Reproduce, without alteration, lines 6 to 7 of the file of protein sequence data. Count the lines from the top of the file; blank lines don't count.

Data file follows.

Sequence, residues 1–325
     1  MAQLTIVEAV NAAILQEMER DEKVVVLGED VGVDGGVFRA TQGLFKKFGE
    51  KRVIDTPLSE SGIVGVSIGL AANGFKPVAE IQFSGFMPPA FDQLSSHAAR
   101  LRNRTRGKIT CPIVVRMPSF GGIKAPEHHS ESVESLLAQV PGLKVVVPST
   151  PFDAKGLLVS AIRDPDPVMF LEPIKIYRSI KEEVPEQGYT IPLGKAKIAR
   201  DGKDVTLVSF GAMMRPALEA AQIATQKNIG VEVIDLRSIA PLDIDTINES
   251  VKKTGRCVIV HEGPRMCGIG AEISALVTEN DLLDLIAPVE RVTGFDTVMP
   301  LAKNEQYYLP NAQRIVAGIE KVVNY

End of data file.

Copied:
   201  DGKDVTLVSF GAMMRPALEA AQIATQKNIG VEVIDLRSIA PLDIDTINES
   251  VKKTGRCVIV HEGPRMCGIG AEISALVTEN DLLDLIAPVE RVTGFDTVMP